Study Guide

Bastard Out of Carolina Setting

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Greenville County, South Carolina

Stop us if you've heard this one before: "'What's a South Carolina virgin?' 'At's a ten-year-old can run fast.'"

Oh, you've heard it? Probably from Bone (9.44). Go on and figure that one out for yourselves; we'll just say that there are some less-than-flattering connotation associated with being from South Carolina in this quote.

South Carolina was the first state to secede during the American Civil War, so you might say that it takes its Southernness pretty seriously. It doesn't get much more Southern than this, y'all. Now, we know that Southernness is a big deal in the novel because it's right there in the title. This isn't Bastard Out of Alaska or Bastard Out of Manitoba, right? Bastardness and Southernness are totally related in this novel.

Now, there have been enough books written on the historical and literary depictions of the American South to fill a whole library, but for the sake of your sanity, we'll just point out that the South has tended to be associated with some pretty negative stereotypes—with things like racism, poverty, incest, and lack of education. Seriously, go read any almost any book that takes place in the South and you'll see what we mean:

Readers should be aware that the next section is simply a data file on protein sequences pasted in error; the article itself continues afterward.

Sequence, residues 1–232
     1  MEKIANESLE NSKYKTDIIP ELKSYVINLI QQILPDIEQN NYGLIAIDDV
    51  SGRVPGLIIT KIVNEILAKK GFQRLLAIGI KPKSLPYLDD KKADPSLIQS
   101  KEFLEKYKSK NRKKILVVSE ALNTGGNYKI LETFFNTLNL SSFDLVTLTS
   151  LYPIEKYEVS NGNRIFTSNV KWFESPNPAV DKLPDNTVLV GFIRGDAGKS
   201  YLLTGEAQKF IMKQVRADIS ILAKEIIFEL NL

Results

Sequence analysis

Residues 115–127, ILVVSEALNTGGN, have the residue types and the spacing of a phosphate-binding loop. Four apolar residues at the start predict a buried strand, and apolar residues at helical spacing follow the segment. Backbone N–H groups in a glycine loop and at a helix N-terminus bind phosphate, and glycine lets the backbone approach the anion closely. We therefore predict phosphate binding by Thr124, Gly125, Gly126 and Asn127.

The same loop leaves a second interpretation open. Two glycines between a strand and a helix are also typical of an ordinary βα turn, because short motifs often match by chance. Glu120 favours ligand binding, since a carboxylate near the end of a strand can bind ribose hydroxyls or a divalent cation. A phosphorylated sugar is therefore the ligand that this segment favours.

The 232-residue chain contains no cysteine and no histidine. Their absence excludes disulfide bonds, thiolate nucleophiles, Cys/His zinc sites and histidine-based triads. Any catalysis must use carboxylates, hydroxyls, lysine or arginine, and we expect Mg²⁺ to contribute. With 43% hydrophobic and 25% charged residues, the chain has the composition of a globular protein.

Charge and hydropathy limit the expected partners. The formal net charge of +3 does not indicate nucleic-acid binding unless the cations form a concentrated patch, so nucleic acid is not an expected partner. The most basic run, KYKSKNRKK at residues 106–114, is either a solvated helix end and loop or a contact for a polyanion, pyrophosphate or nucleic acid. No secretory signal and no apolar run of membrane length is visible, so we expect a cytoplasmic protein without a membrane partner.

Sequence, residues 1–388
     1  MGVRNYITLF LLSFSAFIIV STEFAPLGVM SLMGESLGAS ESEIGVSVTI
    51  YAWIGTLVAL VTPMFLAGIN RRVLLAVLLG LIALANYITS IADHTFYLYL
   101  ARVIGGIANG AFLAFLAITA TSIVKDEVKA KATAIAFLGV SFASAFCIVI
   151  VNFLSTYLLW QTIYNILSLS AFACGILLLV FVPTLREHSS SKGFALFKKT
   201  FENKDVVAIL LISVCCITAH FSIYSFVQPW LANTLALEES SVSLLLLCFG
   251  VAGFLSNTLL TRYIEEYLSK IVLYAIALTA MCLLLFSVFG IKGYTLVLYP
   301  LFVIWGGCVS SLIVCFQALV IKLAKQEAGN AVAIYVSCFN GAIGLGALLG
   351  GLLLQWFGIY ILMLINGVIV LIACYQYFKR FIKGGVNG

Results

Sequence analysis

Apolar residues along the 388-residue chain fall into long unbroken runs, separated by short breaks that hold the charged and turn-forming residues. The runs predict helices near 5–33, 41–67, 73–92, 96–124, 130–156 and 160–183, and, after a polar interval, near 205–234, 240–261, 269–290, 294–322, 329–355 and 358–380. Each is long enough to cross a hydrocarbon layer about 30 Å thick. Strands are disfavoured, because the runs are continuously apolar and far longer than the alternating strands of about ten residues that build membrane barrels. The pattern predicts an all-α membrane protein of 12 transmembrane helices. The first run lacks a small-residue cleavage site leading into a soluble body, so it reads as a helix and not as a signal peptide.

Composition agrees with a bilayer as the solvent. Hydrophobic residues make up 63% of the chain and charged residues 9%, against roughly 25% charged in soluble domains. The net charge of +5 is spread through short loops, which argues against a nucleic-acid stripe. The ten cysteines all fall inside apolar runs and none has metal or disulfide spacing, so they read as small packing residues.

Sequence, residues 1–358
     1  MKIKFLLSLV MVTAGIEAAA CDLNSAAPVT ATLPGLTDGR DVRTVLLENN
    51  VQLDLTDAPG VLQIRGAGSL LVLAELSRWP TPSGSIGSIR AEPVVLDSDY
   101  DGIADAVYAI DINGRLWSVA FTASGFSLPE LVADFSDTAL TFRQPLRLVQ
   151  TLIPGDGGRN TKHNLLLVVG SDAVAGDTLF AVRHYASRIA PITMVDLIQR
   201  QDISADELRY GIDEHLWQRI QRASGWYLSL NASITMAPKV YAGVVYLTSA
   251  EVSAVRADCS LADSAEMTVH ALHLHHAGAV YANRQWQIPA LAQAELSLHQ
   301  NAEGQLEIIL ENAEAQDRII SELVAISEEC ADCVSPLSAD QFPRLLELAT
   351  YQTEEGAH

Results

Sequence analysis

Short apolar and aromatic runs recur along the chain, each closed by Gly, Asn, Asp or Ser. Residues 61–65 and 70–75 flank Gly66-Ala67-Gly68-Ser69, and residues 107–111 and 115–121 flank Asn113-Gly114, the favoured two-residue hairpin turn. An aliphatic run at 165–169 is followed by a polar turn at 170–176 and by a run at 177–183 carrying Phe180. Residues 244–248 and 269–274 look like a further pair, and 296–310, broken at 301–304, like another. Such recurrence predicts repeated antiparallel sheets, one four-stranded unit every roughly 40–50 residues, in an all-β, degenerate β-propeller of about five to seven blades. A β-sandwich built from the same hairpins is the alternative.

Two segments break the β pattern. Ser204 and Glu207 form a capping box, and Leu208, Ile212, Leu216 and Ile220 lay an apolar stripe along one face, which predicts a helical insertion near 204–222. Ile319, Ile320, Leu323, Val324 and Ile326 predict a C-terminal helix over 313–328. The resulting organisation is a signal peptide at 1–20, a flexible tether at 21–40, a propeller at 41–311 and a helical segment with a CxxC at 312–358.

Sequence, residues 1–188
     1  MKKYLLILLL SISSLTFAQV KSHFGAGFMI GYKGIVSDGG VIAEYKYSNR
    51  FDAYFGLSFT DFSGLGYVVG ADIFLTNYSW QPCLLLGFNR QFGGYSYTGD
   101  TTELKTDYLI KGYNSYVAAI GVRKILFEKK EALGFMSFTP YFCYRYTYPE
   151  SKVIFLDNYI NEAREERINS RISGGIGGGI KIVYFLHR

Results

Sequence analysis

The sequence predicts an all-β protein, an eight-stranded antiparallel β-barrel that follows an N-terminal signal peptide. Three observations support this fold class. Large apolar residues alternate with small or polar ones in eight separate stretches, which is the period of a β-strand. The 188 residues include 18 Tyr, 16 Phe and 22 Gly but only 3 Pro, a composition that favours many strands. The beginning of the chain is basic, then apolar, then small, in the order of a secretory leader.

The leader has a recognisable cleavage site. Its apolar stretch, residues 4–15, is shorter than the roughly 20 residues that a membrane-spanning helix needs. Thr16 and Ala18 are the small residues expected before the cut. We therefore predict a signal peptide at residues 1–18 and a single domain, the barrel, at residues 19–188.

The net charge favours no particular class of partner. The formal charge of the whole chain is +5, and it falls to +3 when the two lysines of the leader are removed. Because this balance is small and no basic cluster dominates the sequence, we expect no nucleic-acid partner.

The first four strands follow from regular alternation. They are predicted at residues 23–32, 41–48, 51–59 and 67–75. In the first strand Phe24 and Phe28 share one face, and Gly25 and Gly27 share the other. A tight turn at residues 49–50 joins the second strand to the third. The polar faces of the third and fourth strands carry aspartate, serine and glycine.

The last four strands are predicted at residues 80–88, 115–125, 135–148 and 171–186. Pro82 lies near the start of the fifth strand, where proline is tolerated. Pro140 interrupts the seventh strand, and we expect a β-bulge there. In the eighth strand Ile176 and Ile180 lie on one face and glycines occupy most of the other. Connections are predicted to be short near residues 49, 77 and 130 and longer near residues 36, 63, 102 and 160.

(Seriously, folks, we're just getting started.)

So it's not too shocking that Bone has to deal directly with a lot of big bad issues as she is growing up. In fact, a big portion of the book is about Bone dealing with the fact that she's constantly being called trash, which is short for "poor white trash." That's a term that has its origins in the South and is associated with that region. Yes, we know: those are big generalizations and derogatory stereotypes, but Bone has to deal each and every one of them.

If we're dealing with so many generalizations, though, how is it that Bone escapes being written off as a trash stereotype—as the illegitimate child of a teenager who can barely pay the rent and whose stepfather abuses her?

Well, the answer is the entire novel. After you've been confronted with the complex and nuanced life of a person, it's hard to reduce them to a stereotype or label. Bone is perceptive, intelligent, tough as nails, and she's well on her way to being a strong Boatwright woman. Is she just a bastard out of Carolina? Maybe society sees her that way, but the reader certainly doesn't.

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